Cave home in Loire

There aren’t many people who can say their homes have been 100 million years in the making. Retired teacher Henri Grevellec makes his home in an idyllic, previously-abandoned limestone quarry in the Saumur region of France. The limestone deposit, created more than 100 million years ago, was once quarried extensively for rock used to build homes in France and England.

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Cave home in Loire detail

Hundreds of years ago, quarry workers decided to make their homes in the caves created by their digging, called troglodytes. When Grevellec purchased the land on which he now lives, the quarry was forgotten and overgrown. Thanks to his love of stonework, he renovated the caves to make them into a breathtaking home. In a video tour with Fair Companies, Grevellec explains the history of the home and why he chose it.

Grevellec’s home was once six adjacent caves inhabited by quarry workers. Now, most of them are connected via tunnels that the resident carved from the stone with his own hands. He has left many of the features just as they were when he acquired the property, such as the 400-year-old doorways. The temperature in the caves is naturally mild year-round due to the insulative property of the rock. No one describes the spectacularly unique home quite like the resident himself; the above video takes you on a tour of the property while Grevellec talks about his love of this extraordinary place.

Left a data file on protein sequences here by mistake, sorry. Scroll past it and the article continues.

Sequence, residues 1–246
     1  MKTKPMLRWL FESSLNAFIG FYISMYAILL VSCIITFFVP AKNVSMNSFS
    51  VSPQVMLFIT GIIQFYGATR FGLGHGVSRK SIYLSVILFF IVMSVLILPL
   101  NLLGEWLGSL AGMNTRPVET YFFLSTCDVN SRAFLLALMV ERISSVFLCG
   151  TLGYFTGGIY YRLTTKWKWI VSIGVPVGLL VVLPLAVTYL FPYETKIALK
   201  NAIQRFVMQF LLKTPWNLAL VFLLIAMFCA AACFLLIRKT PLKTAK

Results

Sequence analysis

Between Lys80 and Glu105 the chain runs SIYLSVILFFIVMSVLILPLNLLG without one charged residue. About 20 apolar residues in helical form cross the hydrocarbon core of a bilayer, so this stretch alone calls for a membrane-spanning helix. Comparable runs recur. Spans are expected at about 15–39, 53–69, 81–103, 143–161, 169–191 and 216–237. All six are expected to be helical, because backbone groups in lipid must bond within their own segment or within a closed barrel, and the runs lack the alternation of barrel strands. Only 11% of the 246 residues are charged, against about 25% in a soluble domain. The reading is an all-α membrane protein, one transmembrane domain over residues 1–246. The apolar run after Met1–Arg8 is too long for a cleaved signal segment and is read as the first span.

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More info from Fair Companies

“The site was abandoned when Grevellec purchased it, but he cleared away the growth and renovated the caves himself. He put in a modern kitchen and bathroom and in his bedroom (at the far back of the cave) he added a skylight to improved air circulation and add a bit of light.”

Cave home in Loire living room

“Of the 6 original caves, one became a guest room (which he connected by tunnel to his main home), another is now his workshop (for his stone-working tools), another he left as it once had been (complete with wood-burning oven) and he uses part of one as a wine cellar.”